INTERVIEW

Say my name, Say my name

Photography by Nancy Thornber

Photography by Nancy Thornber

SAY MY NAME, SAY MY NAME

“The Hot Baps. The Inquisition of the C*nt. Wild Bees… or maybe it was just The Baps.” Hari, Noam and Scott of the recently named Prizes are three friends demonstrating that a talent for music doesn’t necessarily extend to a way with words. “We had a short list, well a long list and we started out with the most ridiculous ones thinking good stuff will come out of it,” explains Hari, the savvy soul of Prizes, a sharp, erudite and charming man, despite his band name choices.

“None of them are serious suggestions,” continues Noam, Prizes Israeli keyboardist, programmer and Belushi-esque bad boy. “We thought we’d have trouble in ensuing publications.”

“They’re truly terrible names” adds Scott, the level headed Leeds lad on bass summing up in standard fashion. Maybe Prizes diction isn’t quite as brusque as first predicted.

A name change wouldn’t be pertinent if not for Prizes unique, glorious glow of sound. Under the name Treasure their glittering, sample-heavy haze-pop caused a ripple through the blogosphere. Heads turned and trouble followed.

“I really wanted to be called Treasure,” says Hari “and when I looked it up on Google and Myspace I saw there were so many of them, so I thought surely this is a safe bet. I didn’t want it to blow up but we got this e-mail saying we’ve seen you on Stereogum and Pitchfork and we’ve been Treasure longer. I listened to about ten seconds then realised it doesn’t matter if they’re any good, we can’t carry on.” So Treasure UK reluctantly bowed down to Treasure Brooklyn (it’s a wonder anything gets done in that corner of New York) and somewhat reluctantly became Prizes. “We just got fed up of going back and forth in the end,” they say.

The band is maturing under their new moniker, though. This time last year Hari was building layers and lyrics from his home, pushing his wares through the web and producing sample-led, languid beauties that borrowed heavily from Fleetwood Mac and Bowies ‘Hunky Dory’. Waaga and Lefse records soon showed interest in his project. “Yeah I didn’t think that one through,” he says. “Not sure how they were going to get clearance!”

Hari soon met Noam at a Carnaby Street store (working not browsing) and then Scott through the Internet and Prizes sparked into life on stage. It must be hard to leave the comfort and controlled environment that the blog blanket provides though, and, as with any modern musical project, projection through the Internet is essential to finding a voice.

“Well, obviously it’s a lot more instant than back in the day where you’d make twenty demos then send them off,” notes Hari. “With it being right there I find I have to restrict myself.”

And it’s good for the odd Google ego trip, I presume?

“Every week,” he chuckles,

“Every hour,” chips in Noam.

Self-deprecation is a common theme to our chat, and all three characters are astute to the realms of absurdity that interviews provide. “At the start I read everything and it was exciting,” says Hari “and then you read odd things. For instance there was a picture of me in an Anthrax t-shirt and someone wrote on Twitter that I looked pretentious in it. I thought let’s just stop reading this.” Hari shrugs it off with a smile, his acceptance born out of familiarity.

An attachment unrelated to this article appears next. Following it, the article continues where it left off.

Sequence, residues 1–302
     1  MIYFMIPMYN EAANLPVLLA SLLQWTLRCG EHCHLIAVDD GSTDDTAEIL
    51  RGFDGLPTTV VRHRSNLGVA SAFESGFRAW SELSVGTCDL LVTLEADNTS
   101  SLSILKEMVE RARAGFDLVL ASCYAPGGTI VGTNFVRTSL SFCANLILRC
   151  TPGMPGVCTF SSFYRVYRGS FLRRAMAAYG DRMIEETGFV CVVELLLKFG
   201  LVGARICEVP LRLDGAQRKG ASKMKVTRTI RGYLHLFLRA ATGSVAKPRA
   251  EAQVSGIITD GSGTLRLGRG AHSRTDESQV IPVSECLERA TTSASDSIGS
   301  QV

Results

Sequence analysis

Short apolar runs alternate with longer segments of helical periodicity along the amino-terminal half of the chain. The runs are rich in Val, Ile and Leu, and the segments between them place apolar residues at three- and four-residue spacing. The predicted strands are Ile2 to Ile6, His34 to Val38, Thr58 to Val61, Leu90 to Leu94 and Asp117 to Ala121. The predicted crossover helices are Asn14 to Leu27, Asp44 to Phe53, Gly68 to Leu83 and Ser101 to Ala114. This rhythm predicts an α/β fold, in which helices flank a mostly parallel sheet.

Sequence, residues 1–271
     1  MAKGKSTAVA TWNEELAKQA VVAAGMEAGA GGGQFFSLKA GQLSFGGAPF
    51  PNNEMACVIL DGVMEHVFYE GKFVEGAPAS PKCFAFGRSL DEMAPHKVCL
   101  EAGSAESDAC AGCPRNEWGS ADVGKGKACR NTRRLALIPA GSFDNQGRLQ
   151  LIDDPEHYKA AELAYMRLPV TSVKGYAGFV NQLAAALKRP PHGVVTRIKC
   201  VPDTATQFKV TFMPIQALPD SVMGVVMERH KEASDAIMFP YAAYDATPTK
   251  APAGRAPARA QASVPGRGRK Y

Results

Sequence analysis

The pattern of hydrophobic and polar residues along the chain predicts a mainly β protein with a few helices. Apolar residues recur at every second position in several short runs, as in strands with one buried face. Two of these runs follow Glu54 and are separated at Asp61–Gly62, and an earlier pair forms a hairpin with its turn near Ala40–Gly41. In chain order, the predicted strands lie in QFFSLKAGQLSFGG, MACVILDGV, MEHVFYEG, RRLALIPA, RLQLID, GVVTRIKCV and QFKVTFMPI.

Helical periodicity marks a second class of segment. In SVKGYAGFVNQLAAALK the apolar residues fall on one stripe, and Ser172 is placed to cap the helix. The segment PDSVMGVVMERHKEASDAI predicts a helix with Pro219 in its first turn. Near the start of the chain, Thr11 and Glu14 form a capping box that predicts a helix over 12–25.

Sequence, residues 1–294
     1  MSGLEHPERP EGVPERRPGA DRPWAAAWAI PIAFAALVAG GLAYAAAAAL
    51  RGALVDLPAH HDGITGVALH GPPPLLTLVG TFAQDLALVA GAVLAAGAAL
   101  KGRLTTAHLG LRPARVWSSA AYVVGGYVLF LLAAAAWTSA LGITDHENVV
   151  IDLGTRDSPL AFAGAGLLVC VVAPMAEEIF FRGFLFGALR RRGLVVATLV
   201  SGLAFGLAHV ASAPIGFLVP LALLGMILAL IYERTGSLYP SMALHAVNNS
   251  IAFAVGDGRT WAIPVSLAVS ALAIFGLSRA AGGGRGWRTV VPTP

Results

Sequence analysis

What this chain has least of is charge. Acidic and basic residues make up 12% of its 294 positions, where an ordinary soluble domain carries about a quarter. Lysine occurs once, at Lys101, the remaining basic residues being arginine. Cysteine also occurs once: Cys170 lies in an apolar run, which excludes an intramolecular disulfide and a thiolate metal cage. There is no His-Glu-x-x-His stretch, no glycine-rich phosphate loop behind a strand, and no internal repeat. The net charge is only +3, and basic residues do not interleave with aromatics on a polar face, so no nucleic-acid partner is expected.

Prizes Internet presence can only be helped by the bands striking videos for the tracks ‘Canada’ and ‘Rumours’. Jamie Harley’s nostalgic visuals have added romantic poise to works from Memory Tapes and His Clancyness but it’s with Prizes the marriage seems destined for ruby anniversary pressies. His distorted, distant take on Pamela’s sex tape (‘Canada’) and Diana’s nuptials (‘Rumours’) ache with poignancy, especially in tandem with Hari’s longing lyrics. Could there be a theme going on with ill-fated couples? Maybe another sex tape will feature again?

Hari laughs: “Jamie told me he was editing the ‘Canada’ video on the train and getting loads of weird looks for it.”

Less ‘pervert!’ looks came Jamie’s way at a recent Prizes show, the bill also featuring Memoryhouse, How to Dress Well and Visions of Trees and three hours of visuals from the filmmaker. “He catered for each band individually and gave the entire night a special feeling,” Noam states, clearly impressed.

There’s the imminent addition of a drummer into Prizes’ world too. “He’s called James and yep we met him on the Internet as well,” says Hari.

“He likes Guided by Voices so he’s in,” adds the deadpan Scott.

So it seems the one-man bedroom band is not just branching out but well and truly over, and a sound that seemed ready to slide into the diminishing deck-chair-chill-wave scene now sits apart in its own stylish beat. And with their own name and everything.

By Ian Roebuck

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Originally published in issue 21 (vol 3) of Loud And Quiet. September 2010

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